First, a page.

Amortization is similar to depreciation whereby an asset’s cost is allocated to the expense over time. There are several differences with amortization. Amortization is used with intangible assets and the method is almost always straight line. As a bookkeeper it is your job to maintain the amortization schedules, report the information correctly and interpret the results for management.
Other assets include intangible types of assets such as goodwill, patents and research types of costs. Other assets also include deposits and contract types of costs. Most of these are amortized over time.
Tangible and intangible are terms with several different meanings. A lot of well educated folks have a difficult time providing an all inclusive definition. Someone once described tangible as ‘something that can be burned’. Well, land is tangible and yet, you can’t burn it. Actually, in Boy Scouts, we teach the boys to use dirt to put out fires! But the best overall definition for these terms that I heard was a synonymous statement made by a Supreme Court Justice when trying to define pornography in relation to art. He said something along the line of ‘I don’t have a definition, but I just know it when I see it’. Basically the gray area for the definition is vast. This is true for these two terms because there are various levels of definitions related to their respective use.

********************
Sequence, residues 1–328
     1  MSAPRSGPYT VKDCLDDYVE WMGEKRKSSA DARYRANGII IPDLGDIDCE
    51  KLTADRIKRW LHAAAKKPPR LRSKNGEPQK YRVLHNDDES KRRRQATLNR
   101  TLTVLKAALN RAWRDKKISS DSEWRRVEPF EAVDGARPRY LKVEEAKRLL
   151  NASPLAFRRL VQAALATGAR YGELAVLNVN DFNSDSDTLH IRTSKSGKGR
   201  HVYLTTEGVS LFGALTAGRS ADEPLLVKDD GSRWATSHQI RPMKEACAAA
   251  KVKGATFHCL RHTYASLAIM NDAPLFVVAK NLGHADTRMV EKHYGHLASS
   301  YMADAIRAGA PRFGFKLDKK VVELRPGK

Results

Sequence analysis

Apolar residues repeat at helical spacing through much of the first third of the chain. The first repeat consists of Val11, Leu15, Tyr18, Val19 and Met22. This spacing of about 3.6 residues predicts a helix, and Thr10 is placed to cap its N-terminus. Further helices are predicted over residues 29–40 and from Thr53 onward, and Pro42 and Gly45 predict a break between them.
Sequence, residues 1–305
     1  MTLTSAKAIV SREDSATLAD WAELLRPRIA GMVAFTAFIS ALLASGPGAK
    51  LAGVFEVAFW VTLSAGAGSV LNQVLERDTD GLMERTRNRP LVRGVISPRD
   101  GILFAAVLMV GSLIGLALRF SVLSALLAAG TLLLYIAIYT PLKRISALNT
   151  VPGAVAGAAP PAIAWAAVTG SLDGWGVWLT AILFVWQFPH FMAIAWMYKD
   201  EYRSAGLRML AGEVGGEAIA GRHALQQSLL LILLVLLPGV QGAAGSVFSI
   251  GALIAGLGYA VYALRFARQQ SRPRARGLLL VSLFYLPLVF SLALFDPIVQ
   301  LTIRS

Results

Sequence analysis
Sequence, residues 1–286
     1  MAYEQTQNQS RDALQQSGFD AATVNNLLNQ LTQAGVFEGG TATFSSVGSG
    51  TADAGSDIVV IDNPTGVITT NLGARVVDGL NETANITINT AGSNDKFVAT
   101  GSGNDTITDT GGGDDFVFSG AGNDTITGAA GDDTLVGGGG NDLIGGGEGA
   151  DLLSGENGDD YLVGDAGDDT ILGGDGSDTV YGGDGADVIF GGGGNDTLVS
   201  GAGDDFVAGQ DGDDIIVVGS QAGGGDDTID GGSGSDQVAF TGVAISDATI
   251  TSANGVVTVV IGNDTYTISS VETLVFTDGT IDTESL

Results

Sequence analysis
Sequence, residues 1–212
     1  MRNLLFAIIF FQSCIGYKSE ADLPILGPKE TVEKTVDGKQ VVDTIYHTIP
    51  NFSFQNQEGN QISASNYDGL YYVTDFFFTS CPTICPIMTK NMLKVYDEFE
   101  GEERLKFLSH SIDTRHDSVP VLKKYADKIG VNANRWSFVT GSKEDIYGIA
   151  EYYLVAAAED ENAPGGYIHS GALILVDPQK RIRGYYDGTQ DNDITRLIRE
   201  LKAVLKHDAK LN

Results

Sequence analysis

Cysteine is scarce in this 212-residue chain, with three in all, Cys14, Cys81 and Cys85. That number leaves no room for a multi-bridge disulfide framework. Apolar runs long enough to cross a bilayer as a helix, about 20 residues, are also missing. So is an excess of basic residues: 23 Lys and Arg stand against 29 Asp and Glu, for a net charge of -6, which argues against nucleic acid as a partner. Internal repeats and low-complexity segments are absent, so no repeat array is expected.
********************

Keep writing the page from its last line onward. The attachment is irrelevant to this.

There is the classic college textbook definition. It is straight forward, but it doesn’t really begin to get involved in the gray area definitions. Then there is the more extended definition as used in accounting and customarily in the traditional business setting. Really getting into higher thinking and use of the terms comes into play when discussing value. Finally, there is the relationship to each other with regards to economics and the evolving concept of wealth. They are similar to the theory of the Yin and the Yang of life itself.
In business, liquidity is defined as the period of time it takes to turn assets into cash. It takes 20 minutes to turn the balance in the checking account into cash. You head on down to the bank and present a check. You get cash. But most businesses run on just more than the cash in the bank account.